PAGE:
🔬 Sediment Filter Micron Size Range
The size of the pores in a sediment water filter is known as the filter’s micron rating. The smaller the filter microns, the greater the range of sediments the filter will trap.
Let’s say, for example, you buy a 10-micron filter. This will be able to remove all contaminants down to 10 microns in size. Any particles smaller than 10 microns will be small enough to fit through the filter pores.
The micron size for sediment filters ranges from 5 to 200 microns. The filter micron rating you need depends on the size of the particles you need to remove from your water.
The goal of sediment filtration is not to remove as many impurities as possible. If the micron size is too small, too many contaminants would be trapped in the media, causing it to become clogged at a faster rate and requiring more frequent filter replacements.
There are other filter media, such as carbon and KDF filters, that you can use downstream of a sediment cartridge to remove additional smaller contaminants. Sediment filters simply act as the first line of defense against the biggest particulates in your water.
Nominal vs Absolute Micron Ratings
There are two sediment water filter micron rating types: absolute and nominal.
A nominal rating means that the filter will remove 95% of particles of that micron rating, while an absolute rating guarantees 100% removal of all particles of that micron rating.
Absolute filters are a good choice if you want to eliminate a specific contaminant, but nominal filters are the most commonly used.
👨🔧 Continue Reading: Determining the Ideal Micron Filter Size for Well Water
🚰 Where Are Sediment Filters Used?
There are a few different occasions in which a sediment water filter might be used:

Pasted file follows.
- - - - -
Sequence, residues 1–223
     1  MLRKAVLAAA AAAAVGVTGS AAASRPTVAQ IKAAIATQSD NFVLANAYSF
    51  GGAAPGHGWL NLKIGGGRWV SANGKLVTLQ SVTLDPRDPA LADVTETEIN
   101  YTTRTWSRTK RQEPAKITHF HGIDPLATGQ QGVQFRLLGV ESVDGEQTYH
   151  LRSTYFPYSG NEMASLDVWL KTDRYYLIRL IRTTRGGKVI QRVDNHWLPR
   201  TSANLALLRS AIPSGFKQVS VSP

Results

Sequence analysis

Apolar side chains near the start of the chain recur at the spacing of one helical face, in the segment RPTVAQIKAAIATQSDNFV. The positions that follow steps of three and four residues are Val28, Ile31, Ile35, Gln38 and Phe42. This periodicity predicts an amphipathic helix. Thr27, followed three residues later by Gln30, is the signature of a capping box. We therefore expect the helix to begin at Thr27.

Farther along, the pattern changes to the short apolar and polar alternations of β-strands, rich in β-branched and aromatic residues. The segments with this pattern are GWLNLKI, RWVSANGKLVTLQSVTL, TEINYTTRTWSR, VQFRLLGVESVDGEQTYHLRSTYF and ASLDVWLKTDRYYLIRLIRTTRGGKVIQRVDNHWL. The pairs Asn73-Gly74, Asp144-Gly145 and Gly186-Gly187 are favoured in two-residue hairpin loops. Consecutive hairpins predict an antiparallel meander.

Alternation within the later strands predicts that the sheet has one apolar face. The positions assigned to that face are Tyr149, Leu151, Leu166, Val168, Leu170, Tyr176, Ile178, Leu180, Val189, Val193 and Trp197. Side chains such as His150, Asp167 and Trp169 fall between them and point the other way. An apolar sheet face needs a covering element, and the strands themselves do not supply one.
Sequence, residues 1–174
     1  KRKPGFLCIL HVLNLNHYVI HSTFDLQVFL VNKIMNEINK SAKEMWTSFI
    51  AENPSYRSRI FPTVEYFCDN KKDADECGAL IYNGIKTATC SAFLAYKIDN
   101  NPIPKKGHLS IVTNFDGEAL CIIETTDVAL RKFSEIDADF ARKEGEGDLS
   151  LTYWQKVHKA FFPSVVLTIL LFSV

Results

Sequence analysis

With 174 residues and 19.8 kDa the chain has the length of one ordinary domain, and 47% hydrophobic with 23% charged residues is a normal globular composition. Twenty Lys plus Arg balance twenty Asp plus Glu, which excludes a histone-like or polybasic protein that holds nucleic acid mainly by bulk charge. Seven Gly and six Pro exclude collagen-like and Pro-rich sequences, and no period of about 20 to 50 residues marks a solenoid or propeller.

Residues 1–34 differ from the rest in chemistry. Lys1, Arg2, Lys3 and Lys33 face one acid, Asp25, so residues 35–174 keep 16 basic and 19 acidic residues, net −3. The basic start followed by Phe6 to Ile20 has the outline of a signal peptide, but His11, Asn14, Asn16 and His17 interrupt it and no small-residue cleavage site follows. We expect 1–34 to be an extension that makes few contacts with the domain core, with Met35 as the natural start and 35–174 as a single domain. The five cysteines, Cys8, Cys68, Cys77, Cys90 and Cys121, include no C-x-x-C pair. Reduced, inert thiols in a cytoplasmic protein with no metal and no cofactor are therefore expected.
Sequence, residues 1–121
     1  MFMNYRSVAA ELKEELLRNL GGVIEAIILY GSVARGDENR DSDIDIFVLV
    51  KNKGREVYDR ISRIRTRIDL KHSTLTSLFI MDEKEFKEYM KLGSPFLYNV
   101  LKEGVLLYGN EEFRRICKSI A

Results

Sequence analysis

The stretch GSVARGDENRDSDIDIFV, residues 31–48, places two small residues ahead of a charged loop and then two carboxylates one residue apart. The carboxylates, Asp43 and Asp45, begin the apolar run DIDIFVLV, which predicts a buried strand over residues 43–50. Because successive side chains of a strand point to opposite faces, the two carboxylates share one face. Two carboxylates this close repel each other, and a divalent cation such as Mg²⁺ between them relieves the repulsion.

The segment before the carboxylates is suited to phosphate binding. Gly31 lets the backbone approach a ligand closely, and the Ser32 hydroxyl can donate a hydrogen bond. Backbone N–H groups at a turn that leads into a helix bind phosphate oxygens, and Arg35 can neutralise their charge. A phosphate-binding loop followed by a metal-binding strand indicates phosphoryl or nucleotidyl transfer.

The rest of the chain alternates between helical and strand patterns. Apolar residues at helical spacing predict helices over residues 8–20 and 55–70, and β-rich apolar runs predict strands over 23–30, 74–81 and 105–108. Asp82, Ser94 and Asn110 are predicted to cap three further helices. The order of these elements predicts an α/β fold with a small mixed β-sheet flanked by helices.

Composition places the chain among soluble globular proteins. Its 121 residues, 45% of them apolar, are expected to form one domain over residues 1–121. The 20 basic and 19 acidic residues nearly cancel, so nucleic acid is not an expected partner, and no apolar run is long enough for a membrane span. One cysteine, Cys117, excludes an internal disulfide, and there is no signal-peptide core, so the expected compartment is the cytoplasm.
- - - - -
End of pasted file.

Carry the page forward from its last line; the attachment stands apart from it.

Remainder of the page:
You’ll commonly find a sediment filter as the first filter stage in multi-stage water filtration systems.
For instance, a whole-house water filter system with carbon block or KDF filter cartridges may begin with a sediment filter.
Or, an under-sink or countertop reverse osmosis system may use a sediment filter as the first filter stage.
The sediment filter has two purposes here: to improve your water quality and prevent damage to your plumbing, and to protect the later filter stages from clogging.
Sediment particles are larger than most dissolved contaminants, so they block the pores of carbon block filters and reverse osmosis membranes. A sediment water filter removes the sediment before water flows through these filter stages, preventing them from becoming clogged and inefficient.
Sediment filters are also commonly used as a pre-filter to a UV water purification system.
A UV system kills microorganisms like bacteria and viruses by exposing them to UV light, which scrambles their DNA and makes them unable to replicate.
If your water is turbid or rich in sediment, it’ll reduce the effectiveness of a UV system because the sediment particles block the UV light from penetrating the microorganisms, which means that some harmful pathogens may be retained.
A sediment water filter removes sediment before the UV process, so that water is clear and the UV filter can target all microorganisms effectively.
Sediment in a hard water supply could build up inside the water softener resin, reducing its softening capacity.
Sediment may also damage and clog the water softener components, including the delicate venturi valve.
A sediment pre-filter removes these large particles and prevents them from hindering the softening process, which, in turn, extends the lifespan of the resin and helps it to sustain optimal softening capacity.
Finally, you might install a whole house sediment filter as a standalone filter, without any other water treatment stages to follow.
If your water is sediment-rich but otherwise clean, a sediment water filter alone will do the job.
The filter will remove particles of various sizes (depending on the filter micron rating), protecting your plumbing, fixtures, and water-using appliances from abrasive damage or clogging as a result of sediment.
🆚 Whole House Sediment Filters vs Point Of Use Sediment Filters
So, when might you need a point of entry (whole house) sediment filter, and when might you need a point of use filter?
We recommend a whole house water filter if you want to reduce sediment as soon as water enters your home. This will protect your entire home’s plumbing system, including your hot and cold water pipes, from sediment damage.